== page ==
La Chinoise is a kind of remarkable film. I say kind of remarkable because it is also enigmatic and therefore its remarkableness is still very much open to interpretation and evaluation (but isn’t most Godard?). One asks is Godard serious or making fun? Is the film a polemic or a comedy? Is it meaningful or ultimately empty? I can’t say. Many others have done a far better job than I at exegeting the film. But I can say there is one scene I believe is the centerpiece of the film, at least philosophically. That scene is the discussion on the train between Veronique and Blandine Jeanson (playing himself).

Veronique argues for violence.

In that scene they talk about the value and implications of using terrorism in the service of a cause. Veronique, and the revolutionary cell of which she is a part, is planning on using a bomb to kill some students and teachers at the university in order to jump-start a revolution. She argues that the bomb will convince others of the seriousness of their cause. Jeanson argues that violence will not produce the results she is looking for. In fact, killing others will only cause everyone to turn against her and her political group.

Jeanson argues for non-violence.

From my perspective Veronique seems very naive. However, many people felt similarly in the 1960s and early 1970s. I suppose some still do. What would drive a person to such conclusions as Veronique? The Weather Underground explores just such a question.

Haskell Wexler films the Underground.

The activist group The Weather Underground began as the Weathermen, a radical outgrowth of Students for a Democratic Society. The film The Weather Underground is a history of that group and the times in which it functioned. It is one of the best documentaries I have seen.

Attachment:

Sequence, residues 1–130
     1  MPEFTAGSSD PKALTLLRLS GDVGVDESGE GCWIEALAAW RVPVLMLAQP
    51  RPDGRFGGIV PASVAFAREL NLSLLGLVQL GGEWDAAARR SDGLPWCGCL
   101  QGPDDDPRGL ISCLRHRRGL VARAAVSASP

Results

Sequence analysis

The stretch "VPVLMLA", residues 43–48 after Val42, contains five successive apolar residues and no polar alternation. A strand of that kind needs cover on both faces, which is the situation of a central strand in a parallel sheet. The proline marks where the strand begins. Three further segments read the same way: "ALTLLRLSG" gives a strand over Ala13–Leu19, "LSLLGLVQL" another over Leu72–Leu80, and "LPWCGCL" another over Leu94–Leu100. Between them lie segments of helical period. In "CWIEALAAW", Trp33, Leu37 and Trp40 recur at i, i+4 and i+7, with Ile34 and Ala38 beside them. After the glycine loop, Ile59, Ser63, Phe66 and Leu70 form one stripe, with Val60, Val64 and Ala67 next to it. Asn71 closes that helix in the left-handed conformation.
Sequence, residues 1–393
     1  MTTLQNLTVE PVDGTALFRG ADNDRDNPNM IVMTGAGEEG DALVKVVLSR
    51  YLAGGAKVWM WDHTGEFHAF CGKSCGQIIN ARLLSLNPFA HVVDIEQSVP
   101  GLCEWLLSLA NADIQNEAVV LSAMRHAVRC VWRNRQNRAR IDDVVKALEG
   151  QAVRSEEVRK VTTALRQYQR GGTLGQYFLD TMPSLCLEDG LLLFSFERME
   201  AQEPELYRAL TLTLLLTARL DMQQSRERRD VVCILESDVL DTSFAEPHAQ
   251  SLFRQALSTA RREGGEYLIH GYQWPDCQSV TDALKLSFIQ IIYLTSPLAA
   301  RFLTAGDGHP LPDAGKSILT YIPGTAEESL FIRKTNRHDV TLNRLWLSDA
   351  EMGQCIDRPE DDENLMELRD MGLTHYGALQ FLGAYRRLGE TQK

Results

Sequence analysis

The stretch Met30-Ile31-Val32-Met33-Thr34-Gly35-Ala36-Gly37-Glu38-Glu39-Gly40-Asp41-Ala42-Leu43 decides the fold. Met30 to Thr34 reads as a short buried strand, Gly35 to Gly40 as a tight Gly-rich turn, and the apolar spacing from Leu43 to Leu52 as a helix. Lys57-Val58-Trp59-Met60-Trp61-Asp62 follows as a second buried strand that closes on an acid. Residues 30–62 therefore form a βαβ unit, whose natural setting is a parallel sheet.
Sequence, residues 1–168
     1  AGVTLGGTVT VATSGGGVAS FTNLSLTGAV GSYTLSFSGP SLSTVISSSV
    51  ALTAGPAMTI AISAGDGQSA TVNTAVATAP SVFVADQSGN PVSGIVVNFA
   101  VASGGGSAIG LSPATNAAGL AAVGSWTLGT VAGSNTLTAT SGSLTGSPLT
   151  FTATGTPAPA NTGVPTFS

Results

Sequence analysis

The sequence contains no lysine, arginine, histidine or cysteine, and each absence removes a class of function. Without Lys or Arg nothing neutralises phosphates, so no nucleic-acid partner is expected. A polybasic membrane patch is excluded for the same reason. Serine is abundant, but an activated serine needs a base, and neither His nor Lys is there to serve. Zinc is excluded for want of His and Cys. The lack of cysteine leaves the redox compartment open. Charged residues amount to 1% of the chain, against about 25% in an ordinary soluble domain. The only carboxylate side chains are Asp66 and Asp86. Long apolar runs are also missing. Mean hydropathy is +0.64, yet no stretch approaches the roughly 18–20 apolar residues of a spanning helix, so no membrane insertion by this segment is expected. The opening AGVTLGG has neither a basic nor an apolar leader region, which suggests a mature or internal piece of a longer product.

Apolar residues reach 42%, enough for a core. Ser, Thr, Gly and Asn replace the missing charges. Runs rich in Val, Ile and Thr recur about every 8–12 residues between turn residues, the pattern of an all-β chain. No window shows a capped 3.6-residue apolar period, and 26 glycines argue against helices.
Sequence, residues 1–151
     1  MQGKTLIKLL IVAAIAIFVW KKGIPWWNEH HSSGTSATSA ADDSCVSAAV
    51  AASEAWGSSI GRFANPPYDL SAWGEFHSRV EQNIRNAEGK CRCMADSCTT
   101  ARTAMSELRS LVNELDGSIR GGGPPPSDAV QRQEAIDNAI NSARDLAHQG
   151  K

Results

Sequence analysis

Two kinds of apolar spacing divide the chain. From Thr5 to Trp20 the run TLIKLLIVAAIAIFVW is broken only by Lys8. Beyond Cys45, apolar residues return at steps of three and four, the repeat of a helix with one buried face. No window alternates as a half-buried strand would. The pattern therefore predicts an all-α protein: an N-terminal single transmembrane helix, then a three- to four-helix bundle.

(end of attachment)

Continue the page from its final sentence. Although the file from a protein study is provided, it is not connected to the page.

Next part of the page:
Bomb making.

What drove the Weathermen was a desire to change the world. Frustration in the slowness of change, and even the continued deterioration of certain concerns (such as the escalating war against the Vietnamese), gradually led the group down the path toward violent action.

A revolutionary gets nabbed.

Much of the film includes interviews with former members of the group. It is fascinating to hear them describe what choices they made, why they made those choices, and what they think of them now. There is a lot of regret for some of the former members. In a sense the film pulls back the romantic veneer of the 1960s anti-war movement and shows a more realistic complexity. What we get is something that makes La Chinoise appear to be both more profound and more like a cartoon of itself.

>a foreign policy

>What makes this image so interesting?

Those are U.S. soldiers marching on Russian soil in order to fight the Bolsheviks after the Russian Revolution of 1917. Yes, the United States, along with several other countries, invaded the fledgling Soviet Union to put an end to their civil war and destroy the chances of Lenin and his comrades from establishing the first communist country. They failed.